But if Hezbollah were to carry out strikes in the United States as Bush exits, his legacy would be further tarnished. The question of whether the Republican strategy is really effective against terrorism would be raised in the middle of a campaign for president, and the campaign would turn around this question. The Republicans will want to show that the Democrats do not take terrorism seriously enough and have no plan to deal with it. The Democrats would claim that it is the Republicans who seven years after 9/11 still do not have an effective counterstrategy.

Hezbollah needs to do a service for Iran. They need Iran. The Iranians need to signal Washington that their psywar — or even real plans to attack — would have a swift and devastating counter, a counter Bush really does not want to see. Therefore, it was in Iran’s interest to have Hezbollah surveillance noticed. It sends the message that Ahmadinejad wants to send to the United States and Israelis. It also increases the strategic value of Hezbollah to Iran, which in turn can pressure Syria on the future of Hezbollah.

Thus, there are two reasons why the Canadians could know what group these operatives were members of. One is that they and the Americans have penetrated Hezbollah and are letting them know that their cover is blown. The other is that Hezbollah wanted to telegraph its punch to signal the U.S. administration to move very carefully in pressuring Iran. This message would be that if you strike Iran, we will strike at you, and if you keep threatening us we will threaten you. Without doubt the Iranians are split politically. But they are signaling the United States that as much as Iran is split, they are not as politically split as the United States is at the moment.
24883  Politics, Religion, Science, Culture and Humanities / Politics & Religion / Re: Iraq on: June 21, 2008, 08:29:29 AM
OMG! Can this be the NYTimes?  cheesy

BAGHDAD — What’s going right? And can it last?

Violence in all of Iraq is the lowest since March 2004. The two largest cities, Baghdad and Basra, are calmer than they have been for years. The third largest, Mosul, is in the midst of a major security operation. On Thursday, Iraqi forces swept unopposed through the southern city of Amara, which has been controlled by Shiite militias. There is a sense that Prime Minister Nuri Kamal al-Maliki’s government has more political traction than any of its predecessors.
Consider the latest caricatures of Mr. Maliki put up on posters by the followers of Moktada al-Sadr, the fiery cleric who commands deep loyalty among poor Shiites. They show the prime minister’s face split in two — half his own, half Saddam Hussein’s. The comparison is, of course, intended as a searing criticism. But only three months ago the same Sadr City pamphleteers were lampooning Mr. Maliki as half-man, half-parrot, merely echoing the words of his more powerful Shiite and American backers. It is a notable swing from mocking an opponent perceived to be weak to denouncing one feared to be strong.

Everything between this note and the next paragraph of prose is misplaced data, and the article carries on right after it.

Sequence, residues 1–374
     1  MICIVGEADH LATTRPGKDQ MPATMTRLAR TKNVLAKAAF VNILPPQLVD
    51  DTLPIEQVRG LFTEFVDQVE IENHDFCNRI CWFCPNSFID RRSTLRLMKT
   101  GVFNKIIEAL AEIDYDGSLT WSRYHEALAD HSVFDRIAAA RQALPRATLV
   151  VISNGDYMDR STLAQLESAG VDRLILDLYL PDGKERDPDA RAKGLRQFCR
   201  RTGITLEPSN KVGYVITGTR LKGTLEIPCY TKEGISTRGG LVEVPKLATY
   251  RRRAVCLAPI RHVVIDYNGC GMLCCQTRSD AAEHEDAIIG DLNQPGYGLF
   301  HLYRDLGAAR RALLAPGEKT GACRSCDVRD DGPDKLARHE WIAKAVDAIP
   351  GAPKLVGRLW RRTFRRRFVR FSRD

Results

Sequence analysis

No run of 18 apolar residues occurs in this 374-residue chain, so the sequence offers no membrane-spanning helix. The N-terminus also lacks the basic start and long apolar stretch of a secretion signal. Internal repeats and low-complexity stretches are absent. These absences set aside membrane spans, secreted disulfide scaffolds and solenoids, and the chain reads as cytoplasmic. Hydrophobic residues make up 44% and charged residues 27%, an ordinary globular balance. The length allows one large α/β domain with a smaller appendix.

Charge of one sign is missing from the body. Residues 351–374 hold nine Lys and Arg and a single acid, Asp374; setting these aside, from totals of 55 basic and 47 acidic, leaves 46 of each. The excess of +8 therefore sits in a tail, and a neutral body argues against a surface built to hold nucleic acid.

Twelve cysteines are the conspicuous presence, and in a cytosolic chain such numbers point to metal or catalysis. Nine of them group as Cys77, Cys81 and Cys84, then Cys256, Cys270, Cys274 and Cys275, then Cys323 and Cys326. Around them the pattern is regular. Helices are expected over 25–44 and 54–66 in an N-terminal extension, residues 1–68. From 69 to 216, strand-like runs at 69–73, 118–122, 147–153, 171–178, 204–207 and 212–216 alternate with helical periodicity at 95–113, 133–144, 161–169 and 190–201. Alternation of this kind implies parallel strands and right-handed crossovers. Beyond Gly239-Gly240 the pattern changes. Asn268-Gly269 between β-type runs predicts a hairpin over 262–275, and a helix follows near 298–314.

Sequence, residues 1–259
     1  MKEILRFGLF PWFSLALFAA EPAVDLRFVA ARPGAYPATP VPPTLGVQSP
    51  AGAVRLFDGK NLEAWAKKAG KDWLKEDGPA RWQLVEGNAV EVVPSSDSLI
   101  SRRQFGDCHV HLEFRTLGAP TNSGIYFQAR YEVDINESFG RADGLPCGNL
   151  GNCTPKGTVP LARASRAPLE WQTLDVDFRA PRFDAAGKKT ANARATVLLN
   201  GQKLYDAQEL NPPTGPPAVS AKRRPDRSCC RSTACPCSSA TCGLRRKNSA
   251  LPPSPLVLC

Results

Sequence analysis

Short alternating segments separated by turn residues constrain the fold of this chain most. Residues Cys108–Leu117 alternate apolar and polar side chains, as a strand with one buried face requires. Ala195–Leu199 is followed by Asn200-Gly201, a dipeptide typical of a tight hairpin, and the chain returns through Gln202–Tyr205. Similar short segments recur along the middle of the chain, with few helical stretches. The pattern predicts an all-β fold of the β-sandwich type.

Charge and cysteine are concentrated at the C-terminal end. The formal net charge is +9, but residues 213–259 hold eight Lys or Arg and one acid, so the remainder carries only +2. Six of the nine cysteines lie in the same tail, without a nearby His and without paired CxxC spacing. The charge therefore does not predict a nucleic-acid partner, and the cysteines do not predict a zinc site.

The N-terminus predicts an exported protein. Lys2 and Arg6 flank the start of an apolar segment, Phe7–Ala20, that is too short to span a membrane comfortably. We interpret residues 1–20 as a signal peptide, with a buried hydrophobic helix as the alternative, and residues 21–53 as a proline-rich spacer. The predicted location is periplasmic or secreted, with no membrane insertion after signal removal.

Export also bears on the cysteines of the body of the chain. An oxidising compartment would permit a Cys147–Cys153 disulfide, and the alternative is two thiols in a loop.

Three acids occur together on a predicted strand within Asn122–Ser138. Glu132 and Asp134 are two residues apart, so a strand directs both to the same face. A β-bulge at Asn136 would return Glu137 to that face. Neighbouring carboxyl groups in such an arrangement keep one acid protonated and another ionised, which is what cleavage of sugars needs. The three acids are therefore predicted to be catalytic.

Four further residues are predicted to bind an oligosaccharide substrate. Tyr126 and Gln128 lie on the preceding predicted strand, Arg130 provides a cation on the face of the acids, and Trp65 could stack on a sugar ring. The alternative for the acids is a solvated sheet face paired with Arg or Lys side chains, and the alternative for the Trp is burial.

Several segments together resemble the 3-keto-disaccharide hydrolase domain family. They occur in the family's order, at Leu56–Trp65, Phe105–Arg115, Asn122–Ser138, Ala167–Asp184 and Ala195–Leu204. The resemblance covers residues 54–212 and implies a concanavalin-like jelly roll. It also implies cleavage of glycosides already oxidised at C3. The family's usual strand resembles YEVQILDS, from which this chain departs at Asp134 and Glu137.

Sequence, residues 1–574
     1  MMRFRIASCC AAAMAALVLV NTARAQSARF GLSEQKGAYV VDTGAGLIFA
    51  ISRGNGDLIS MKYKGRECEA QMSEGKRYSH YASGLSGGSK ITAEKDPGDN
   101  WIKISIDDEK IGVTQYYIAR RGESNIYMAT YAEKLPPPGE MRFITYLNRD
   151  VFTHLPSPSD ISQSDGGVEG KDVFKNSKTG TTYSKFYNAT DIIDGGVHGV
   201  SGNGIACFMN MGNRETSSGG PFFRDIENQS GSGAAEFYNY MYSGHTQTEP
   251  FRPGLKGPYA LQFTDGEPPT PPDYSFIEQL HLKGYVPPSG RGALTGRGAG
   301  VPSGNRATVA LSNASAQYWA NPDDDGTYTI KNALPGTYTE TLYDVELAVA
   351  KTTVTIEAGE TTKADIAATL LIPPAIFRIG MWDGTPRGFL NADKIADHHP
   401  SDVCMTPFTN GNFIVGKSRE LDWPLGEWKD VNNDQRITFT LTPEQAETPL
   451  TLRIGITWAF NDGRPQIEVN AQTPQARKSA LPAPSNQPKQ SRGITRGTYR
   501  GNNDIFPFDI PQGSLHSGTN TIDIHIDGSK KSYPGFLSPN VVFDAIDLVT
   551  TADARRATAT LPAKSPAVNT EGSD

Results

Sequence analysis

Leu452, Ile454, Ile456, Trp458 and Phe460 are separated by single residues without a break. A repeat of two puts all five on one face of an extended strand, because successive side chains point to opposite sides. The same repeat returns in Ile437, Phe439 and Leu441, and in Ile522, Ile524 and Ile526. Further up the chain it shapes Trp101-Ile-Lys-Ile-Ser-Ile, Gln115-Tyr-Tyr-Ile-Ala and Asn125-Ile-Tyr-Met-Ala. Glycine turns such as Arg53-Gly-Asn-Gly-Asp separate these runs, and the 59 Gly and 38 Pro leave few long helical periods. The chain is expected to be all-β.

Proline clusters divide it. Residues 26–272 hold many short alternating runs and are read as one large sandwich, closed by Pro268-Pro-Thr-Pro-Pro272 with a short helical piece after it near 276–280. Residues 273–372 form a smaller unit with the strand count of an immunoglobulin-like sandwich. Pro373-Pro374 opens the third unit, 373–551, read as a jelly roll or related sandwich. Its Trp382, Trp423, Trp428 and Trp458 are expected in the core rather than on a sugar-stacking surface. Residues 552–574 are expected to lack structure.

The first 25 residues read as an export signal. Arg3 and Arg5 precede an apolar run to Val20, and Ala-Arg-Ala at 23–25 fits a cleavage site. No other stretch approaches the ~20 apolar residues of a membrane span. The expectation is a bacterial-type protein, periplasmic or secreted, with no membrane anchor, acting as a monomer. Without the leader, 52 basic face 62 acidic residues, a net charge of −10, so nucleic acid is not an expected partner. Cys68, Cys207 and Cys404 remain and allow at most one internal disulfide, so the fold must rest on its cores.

For Hatem al-Bachary, a Basra businessman, the turnabout has been “a miracle,” the first tentative signs of a normal life.

“I don’t think the militias have disappeared, and maybe there are sleeper cells which will try to revive themselves again,” he said. “But the first time they try to come back they will have to show themselves, and the government, army and police are doing very well.”

While the increase in American troops and their support behind the scenes in the recent operations has helped tamp down the violence, there are signs that both the Iraqi security forces and the Iraqi government are making strides. There are simply more Iraqi troops for the government to deploy, partly because fewer are needed to fight the Sunni insurgents, who have defected to the Sunni Awakening movement. They are paid to keep the peace.

Mr. Maliki’s moves against Shiite militias have built some trust with wary Sunnis, offering the potential for political reconciliation. High oil prices are filling Iraqi government coffers. But even these successes contain the seeds of vulnerability. The government victories in Basra, Sadr City and Amara were essentially negotiated, so the militias are lying low but undefeated and seething with resentment. Mr. Maliki may be raising expectations among Sunnis that he cannot fulfill, and the Sunni Awakening forces in many cases are loyal to their American paymasters, not the Shiite government. Restive Iraqis want to see the government spend money to improve services. Attacks like the bombing that killed 63 people in Baghdad’s Huriya neighborhood on Tuesday showed that opponents can continue to inflict carnage.

Perhaps most worrisome, more than five years after the American invasion, which knocked Mr. Hussein from power but set off great chaos, Iraq still lacks the formal rules to divide the power and spoils of an oil-rich nation among ethnic, religious and tribal groups and unite them under one stable idea of Iraq. The improvements are fragile.

The changes are already affecting Iraq’s complicated relationship with America. In the presidential campaign, a debate is rising about whether the quiet means American soldiers can leave.

Iraqi Officials Gain Confidence

American military commanders are seeing a new confidence among Iraqi leaders. They said they believed that the success of the recent military operations had played a role in the Iraqi government’s firm rebuff of American negotiators over a new long-term security pact to govern the United States military presence after the end of this year.

“They are feeling very strong right now, after Basra, Mosul and Sadr City,” said one senior American official.

The most obvious but often overlooked reason for the recent military success has been an increase in the number of trained Iraqi troops.